Over the years I have met quite a few people who work in law enforcement. I also have some relatives in the field as well, including Bubba, a nephew who has been with a suburban Detroit department for a couple of decades or so. Last weekend we got together and were trading stories.
One tale Bubba described involved him supervising some younger patrolmen one night. They received a call from a hotel, asking them to evict the guests in three rooms who were disturbing others. Bubba leaned against the wall in the hallway as the officers took care of the first two rooms. But it was the third room where the issue arose.
Apparently this occupant was being less than cooperative. Without getting physical, he kept arguing with the officers, repeatedly asking why he had to leave and what the problem was. Bubba gave it a couple of minutes but nothing changed. He walked in. The guest was on the bed, hidden by the covers.
“Get your shit and get the f… out! Now!” Bubba growled, immediately taking charge of the scene.
The guy said, “Okay!” He tossed off the blankets, revealing that he was fully dressed, and scurried from the room.
Bubba used this as a training moment. He reminded the younger cops that there are times when you have to take charge of the situation. Bubba also pointed out that they should have pulled the blankets from the bed, so they would have known if the guest had a weapon. One of the officers claimed that didn’t want to be too aggressive for fear of getting into trouble.
“If he had a gun and shot you through the blankets, that could be trouble,” Bubba said. He was grinning as he recounted this story, stating that there are times when such actions are justified.
That got me thinking about one of my favorite fictional characters, Raylan Givens from the creative genius of Elmore Leonard. Raylan could best be described as a 19th century lawman working in the 21st century. At times he took a different approach to catching the bad guys. Leonard’s character was so good, he ended up in the television series “Justified.”
Jefferson Chene doesn’t bend the rules as much as Raylan Givens, he does have a moment or two that takes him outside the lines. Here’s an excerpt from “Your Turn to Die”. In this scene, Chene and Detective Ramon Suarez are leaving an interview with reputed mobsters Leo Agonasti and Maximo Aurelio that takes place aboard a yacht, when they run into an unexpected roadblock in the form of a guy named Thompson.
“What do you think you were doing? No one’s supposed to run this barge but me!” Thompson pointed a dirty finger in my direction. Up close I could see the tank top was stretched to the breaking point over a stomach gone to seed long ago.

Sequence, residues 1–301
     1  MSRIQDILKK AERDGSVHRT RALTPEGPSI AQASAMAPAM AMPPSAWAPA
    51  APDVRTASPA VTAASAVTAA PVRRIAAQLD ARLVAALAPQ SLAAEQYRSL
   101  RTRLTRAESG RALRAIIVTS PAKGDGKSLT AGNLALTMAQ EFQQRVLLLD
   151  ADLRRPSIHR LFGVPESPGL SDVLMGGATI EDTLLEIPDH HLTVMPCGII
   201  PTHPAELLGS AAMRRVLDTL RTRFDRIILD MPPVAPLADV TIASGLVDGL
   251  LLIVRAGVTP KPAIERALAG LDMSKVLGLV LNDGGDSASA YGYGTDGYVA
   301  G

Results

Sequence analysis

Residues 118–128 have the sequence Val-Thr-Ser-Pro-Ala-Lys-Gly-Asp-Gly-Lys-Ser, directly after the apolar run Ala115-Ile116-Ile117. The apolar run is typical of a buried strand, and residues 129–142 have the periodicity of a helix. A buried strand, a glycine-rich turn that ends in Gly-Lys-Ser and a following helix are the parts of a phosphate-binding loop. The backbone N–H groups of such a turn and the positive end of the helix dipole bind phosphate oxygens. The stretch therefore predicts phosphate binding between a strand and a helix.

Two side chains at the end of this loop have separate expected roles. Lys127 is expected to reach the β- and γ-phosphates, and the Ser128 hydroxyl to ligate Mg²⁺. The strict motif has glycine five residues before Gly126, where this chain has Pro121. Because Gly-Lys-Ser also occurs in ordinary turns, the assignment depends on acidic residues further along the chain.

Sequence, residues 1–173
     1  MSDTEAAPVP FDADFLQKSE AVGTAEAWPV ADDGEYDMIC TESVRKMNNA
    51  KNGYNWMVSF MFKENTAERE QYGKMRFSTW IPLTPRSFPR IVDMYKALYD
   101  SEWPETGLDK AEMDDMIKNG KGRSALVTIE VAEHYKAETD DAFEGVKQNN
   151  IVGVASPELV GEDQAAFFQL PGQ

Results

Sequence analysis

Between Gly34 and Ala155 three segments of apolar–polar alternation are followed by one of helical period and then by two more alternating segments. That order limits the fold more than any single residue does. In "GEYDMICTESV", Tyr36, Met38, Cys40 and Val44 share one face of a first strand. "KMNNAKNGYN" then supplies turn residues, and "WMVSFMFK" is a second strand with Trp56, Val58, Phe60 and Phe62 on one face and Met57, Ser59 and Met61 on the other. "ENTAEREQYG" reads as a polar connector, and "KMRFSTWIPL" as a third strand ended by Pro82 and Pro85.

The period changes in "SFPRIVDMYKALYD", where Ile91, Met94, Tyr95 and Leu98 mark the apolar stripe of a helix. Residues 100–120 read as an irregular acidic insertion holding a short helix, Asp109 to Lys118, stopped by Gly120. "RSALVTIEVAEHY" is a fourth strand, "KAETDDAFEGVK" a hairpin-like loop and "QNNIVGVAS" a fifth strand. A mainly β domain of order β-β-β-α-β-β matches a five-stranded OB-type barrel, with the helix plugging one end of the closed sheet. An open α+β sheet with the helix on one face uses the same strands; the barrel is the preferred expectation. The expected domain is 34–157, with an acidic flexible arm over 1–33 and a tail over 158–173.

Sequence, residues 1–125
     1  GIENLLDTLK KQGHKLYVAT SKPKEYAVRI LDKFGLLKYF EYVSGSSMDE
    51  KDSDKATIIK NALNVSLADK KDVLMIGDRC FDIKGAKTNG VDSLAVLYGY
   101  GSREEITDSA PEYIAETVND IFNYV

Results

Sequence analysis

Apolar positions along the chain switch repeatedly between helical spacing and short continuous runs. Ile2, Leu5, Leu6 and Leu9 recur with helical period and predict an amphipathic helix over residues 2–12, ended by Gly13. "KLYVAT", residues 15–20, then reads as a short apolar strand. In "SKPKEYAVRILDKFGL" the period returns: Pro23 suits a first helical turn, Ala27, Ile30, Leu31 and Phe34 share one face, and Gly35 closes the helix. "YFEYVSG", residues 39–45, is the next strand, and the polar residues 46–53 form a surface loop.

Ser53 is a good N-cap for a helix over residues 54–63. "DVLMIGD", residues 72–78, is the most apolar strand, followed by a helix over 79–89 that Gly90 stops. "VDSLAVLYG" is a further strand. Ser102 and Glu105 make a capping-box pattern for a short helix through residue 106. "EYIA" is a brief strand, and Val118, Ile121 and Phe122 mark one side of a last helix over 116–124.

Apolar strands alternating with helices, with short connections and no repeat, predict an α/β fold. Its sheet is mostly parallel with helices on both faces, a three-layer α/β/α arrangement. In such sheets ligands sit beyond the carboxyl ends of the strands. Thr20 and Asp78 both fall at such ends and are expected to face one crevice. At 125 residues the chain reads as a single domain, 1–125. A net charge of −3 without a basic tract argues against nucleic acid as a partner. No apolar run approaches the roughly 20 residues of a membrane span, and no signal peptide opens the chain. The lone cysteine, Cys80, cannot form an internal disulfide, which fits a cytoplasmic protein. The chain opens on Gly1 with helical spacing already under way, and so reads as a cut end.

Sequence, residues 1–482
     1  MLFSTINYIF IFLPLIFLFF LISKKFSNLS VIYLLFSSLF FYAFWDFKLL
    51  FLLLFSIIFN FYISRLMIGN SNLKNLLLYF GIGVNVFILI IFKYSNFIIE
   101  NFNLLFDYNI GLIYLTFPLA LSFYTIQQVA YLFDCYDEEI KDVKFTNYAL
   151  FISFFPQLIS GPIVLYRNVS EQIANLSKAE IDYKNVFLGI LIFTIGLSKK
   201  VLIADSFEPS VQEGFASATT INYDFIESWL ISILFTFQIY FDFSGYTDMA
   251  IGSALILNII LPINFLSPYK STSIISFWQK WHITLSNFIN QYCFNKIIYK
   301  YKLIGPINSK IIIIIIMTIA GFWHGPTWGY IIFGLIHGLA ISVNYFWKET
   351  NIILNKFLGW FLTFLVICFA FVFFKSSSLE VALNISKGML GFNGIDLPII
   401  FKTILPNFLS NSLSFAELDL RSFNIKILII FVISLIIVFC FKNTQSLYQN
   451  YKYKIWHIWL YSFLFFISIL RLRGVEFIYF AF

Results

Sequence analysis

“No way. I don’t like strangers running my boat!”
“I believe the yacht you are referring to belongs to Mr. Agonasti.”
“When I run it, it’s my boat.” Again Thompson jabbed his finger at me. From above me I could hear the snort of muffled laughter. Max must have come forward to watch the show.
“I’m only going to tell you once more. Step aside.”
Thompson surged forward, his finger thrust out before him like a miniature lance. “I’m not stepping---”
I grabbed the finger and bent it backward, twisting it enough to snap it, but turning with it to spin him around. With two strides, I ran him face first into the large wooden piling that held the lines for the yacht. I could hear the crunch of bone as his nose broke. Thompson howled in pain and tried to break free. I gave his arm a shake, then snatched the cap from his head and got a handful of greasy black hair. I thumped his head once more on the piling for good measure.
“Listen up, asshole. Number one, your presence on this yacht is no longer required. Number two, you just tried to assault a police officer. That’s a chargeable offense. Number three, if you bother my friends there in any way, shape or form, I’ll come back and finish this. And believe me, you won’t look any prettier when I get done.”
I released his hair and wiped my hand on the back of his shirt, then let go of his arm. Stepping back, I prepared for the inevitable retaliation. I wasn’t disappointed. Thompson spun, blood dripping down his face and charged. The walkway was only three feet across. I had to time it well. As he launched himself at me, I spun to the right and dragged my left foot, hooking his ankle as he went by. Lacing my hands together, I swung around, completing the spin and driving both hands into his back like a hammer. Thompson flew beyond the edge of the walkway and dropped into the canal.
A roar of laughter floated down from above. Agonasti had joined Max at the rail. Apparently they enjoyed how the confrontation played out. Agonasti sketched a brief salute in my direction as Suarez and I headed for the parking lot.
“Where the hell did you learn how to do that?”
“You think you’re the only one who ever rumbled with gangs?”
“Ain’t no gangbanger I’ve ever seen move like that.”
I shrugged. “Sometimes, you improvise.”
This week’s musical interlude is from one of Detroit’s favorite sons, Bob Seger. Enjoy.